Simon and LVMH

LVMH now ranks among the 10 inline retailers paying the most in total base rent to Simon. The luxury conglomerate and parent of Fendi, Christian Dior and Louis Vuitton has 105 stores occupying 393,000 square feet in Simon properties. The REIT’s upscale malls continue to draw interest from luxury operators new and old, chair, president and CEO David Simon said on a second-quarter earnings call. “They build the best stores. They think longer term over any retailer that we’ve ever experienced. They have loyal customers. So we want to do as much business as we can with them.” Though some luxury sales growth has flattened in recent quarters, the numbers are still as much as 30% above where they were in 2019, Simon said. “Sales will flatten, they’ll go up, they’ll go down, but their commitment to their customer and what they do in the stores goes unabated.”

A Robot Security Guard in Cleveland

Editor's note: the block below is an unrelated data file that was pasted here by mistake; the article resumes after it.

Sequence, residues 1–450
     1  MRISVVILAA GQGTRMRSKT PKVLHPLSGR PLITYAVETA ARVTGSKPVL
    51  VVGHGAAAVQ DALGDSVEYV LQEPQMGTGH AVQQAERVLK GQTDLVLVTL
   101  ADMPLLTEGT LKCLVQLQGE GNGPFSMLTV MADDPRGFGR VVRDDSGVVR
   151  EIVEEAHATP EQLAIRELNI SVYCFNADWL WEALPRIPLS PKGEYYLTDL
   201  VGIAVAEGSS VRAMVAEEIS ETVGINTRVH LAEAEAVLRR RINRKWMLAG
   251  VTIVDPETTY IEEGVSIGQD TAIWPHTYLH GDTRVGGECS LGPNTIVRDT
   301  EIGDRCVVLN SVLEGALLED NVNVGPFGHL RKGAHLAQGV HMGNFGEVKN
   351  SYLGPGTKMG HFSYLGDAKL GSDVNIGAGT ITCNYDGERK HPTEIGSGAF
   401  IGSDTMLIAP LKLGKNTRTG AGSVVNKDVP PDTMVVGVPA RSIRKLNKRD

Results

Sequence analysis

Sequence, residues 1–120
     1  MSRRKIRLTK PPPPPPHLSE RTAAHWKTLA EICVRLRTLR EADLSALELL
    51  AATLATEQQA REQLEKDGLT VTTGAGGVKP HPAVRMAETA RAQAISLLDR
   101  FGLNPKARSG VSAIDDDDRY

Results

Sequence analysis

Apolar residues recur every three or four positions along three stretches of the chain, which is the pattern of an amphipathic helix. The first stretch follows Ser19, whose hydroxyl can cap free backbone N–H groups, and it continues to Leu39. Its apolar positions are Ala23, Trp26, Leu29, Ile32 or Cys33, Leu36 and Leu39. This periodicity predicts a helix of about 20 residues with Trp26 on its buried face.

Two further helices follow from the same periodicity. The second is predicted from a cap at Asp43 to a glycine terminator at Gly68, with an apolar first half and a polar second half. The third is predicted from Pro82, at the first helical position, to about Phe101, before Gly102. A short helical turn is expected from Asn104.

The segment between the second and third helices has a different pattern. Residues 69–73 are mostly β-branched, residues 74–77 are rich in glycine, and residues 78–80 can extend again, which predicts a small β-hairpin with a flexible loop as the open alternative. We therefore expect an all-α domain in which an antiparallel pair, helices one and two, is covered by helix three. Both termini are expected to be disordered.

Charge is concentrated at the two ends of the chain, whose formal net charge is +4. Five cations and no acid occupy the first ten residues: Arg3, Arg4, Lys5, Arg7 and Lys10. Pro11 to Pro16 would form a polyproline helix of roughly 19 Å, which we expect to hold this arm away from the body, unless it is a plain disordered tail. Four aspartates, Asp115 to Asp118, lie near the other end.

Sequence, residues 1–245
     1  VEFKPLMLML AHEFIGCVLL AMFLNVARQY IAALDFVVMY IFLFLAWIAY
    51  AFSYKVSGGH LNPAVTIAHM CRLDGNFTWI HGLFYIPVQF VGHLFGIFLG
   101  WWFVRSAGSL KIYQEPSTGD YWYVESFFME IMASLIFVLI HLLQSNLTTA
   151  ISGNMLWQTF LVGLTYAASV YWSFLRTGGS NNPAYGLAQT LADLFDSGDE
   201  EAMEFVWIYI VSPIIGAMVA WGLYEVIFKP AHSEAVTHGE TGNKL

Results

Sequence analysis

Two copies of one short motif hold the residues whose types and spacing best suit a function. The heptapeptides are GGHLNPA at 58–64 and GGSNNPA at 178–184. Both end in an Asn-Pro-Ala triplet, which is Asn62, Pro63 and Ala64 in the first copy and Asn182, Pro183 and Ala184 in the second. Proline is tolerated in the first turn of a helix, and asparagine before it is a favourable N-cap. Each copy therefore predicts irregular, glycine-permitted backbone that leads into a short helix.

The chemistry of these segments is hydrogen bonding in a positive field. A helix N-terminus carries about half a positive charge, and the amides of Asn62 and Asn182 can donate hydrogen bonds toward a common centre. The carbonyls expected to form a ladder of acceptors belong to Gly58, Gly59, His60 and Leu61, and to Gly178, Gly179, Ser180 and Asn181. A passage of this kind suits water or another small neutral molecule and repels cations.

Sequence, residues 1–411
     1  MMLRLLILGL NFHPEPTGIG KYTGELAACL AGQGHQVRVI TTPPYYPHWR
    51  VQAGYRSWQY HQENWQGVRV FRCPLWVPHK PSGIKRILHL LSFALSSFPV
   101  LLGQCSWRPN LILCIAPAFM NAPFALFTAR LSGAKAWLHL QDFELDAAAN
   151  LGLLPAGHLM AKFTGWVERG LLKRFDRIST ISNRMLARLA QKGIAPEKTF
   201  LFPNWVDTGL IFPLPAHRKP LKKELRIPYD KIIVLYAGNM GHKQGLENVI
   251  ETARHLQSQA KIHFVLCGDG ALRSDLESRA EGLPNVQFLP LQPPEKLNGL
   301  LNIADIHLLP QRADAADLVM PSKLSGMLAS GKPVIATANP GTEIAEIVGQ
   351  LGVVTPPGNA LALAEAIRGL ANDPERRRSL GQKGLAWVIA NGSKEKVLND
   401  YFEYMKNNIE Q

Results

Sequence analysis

Crocker Park outside Cleveland in Westlake, Ohio, has deployed a security robot to ensure the safety and peace of mind of visitors, residents and tenants. SAM, which stands for Secret Agent Man, is a Knightscope K5 autonomous security robot that can stream and record video in 360 degrees and can do thermal imaging. SAM’s artificial intelligence detects anomalies and issues real-time alerts to the property’s on-site security team. SAM will patrol the 1.2 million-square-foot mixed-use property around the clock at 2 to 3 miles per hour looking for theft, car accidents, fires, vandalism and more.

SAM patrols Crocker Park.

By Brannon Boswell

Executive Editor, Commerce + Communities Today